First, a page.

Hydroelectricity and oil imports
Decreased generation of hydroelectricity and the consequent increase in oil imports have been significant. Generation of hydroelectricity fell from about one half of total electricity generation to as low as 13 per cent. This necessitated higher import expenditure on oil in the first half of the year. Additional coal power generation later this year is expected to reduce oil dependency, generation costs and CEB losses.

Economic growth
Economic growth will not be severely affected by the drop in agricultural output, as agriculture’s contribution to GDP is small. Agriculture, including forestry, fisheries and livestock contributed only 10.8 per cent to GDP in 2013. Paddy output contributed only 1.6 per cent to GDP. Since crop agriculture contributed only about 5 per cent to GDP, the drop in production of rice, vegetables, tea and other crops in the first half of the year will decrease GDP only marginally. Growth in manufacturing and services could easily offset this fall.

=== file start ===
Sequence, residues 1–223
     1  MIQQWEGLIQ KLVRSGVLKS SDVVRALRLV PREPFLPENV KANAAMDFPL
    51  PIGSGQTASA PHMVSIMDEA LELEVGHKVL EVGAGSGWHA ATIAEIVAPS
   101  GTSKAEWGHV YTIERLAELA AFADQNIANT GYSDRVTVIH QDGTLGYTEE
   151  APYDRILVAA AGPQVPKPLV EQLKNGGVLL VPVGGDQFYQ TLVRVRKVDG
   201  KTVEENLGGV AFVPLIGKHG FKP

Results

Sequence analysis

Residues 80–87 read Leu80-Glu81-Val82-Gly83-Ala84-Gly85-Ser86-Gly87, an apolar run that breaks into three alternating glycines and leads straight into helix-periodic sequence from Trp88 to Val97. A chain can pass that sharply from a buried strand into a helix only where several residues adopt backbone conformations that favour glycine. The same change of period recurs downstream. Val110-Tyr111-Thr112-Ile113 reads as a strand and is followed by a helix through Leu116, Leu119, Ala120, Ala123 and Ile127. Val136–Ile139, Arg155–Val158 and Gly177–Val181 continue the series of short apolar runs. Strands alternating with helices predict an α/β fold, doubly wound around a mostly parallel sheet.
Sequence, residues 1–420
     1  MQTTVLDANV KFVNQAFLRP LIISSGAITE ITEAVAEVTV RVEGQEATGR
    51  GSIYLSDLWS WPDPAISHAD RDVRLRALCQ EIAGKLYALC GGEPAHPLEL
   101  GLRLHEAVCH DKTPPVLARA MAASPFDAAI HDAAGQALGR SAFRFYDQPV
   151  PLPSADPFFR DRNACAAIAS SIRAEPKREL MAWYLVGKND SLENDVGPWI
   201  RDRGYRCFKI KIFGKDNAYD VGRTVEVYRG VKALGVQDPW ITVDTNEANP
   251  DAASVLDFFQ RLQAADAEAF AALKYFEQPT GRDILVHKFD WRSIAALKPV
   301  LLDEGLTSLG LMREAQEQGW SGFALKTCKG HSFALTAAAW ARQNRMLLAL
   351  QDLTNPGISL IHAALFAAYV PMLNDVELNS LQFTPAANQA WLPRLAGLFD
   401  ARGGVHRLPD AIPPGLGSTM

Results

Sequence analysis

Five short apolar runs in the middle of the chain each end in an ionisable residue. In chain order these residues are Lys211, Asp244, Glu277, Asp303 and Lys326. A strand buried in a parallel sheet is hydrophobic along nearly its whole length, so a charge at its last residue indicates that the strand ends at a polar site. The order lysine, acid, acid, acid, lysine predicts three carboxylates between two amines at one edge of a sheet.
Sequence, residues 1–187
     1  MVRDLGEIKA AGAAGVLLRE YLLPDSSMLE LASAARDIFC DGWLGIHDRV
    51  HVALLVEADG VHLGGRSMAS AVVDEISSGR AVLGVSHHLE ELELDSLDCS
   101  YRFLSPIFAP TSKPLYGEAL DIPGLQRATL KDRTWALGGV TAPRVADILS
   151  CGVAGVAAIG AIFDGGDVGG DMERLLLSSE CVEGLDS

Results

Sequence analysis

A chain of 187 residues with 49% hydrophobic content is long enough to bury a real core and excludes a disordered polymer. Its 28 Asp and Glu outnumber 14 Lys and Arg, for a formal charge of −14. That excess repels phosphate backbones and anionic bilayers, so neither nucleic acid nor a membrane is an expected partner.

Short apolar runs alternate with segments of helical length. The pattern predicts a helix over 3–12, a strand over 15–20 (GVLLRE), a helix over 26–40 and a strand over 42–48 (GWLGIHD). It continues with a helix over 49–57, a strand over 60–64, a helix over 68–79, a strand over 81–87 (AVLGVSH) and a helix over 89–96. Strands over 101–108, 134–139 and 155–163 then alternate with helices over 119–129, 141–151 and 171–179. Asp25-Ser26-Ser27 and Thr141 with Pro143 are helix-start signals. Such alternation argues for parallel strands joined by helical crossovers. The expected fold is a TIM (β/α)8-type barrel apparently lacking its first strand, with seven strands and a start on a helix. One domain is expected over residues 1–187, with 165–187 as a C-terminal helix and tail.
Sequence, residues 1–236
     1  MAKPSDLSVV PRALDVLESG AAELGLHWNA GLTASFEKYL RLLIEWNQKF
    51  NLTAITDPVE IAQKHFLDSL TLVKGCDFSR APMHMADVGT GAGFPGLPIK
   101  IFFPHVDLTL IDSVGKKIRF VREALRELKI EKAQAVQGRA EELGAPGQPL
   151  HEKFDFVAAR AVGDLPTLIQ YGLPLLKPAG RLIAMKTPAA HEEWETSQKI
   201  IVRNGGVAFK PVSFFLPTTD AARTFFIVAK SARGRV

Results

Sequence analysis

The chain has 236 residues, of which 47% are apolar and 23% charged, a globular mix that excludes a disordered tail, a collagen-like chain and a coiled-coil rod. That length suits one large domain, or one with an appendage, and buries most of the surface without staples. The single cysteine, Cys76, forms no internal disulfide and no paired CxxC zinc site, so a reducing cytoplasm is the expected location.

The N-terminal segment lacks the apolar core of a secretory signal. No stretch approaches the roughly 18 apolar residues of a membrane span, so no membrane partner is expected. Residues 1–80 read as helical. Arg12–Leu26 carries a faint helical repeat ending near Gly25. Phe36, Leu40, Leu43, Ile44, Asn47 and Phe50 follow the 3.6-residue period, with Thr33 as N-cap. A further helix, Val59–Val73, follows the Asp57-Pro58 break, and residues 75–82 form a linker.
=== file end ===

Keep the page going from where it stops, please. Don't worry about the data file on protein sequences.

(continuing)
Decreased agricultural production will affect food security of a significant proportion of the population and increase food import expenditure, while the reduction of hydroelectricity generation owing to the drought will increase imports of oil. Economic growth is likely to be affected marginally due to the drought as agriculture’s’ contribution to GDP is small. Higher rainfall in the second half of the year may enable a catching up of agricultural production.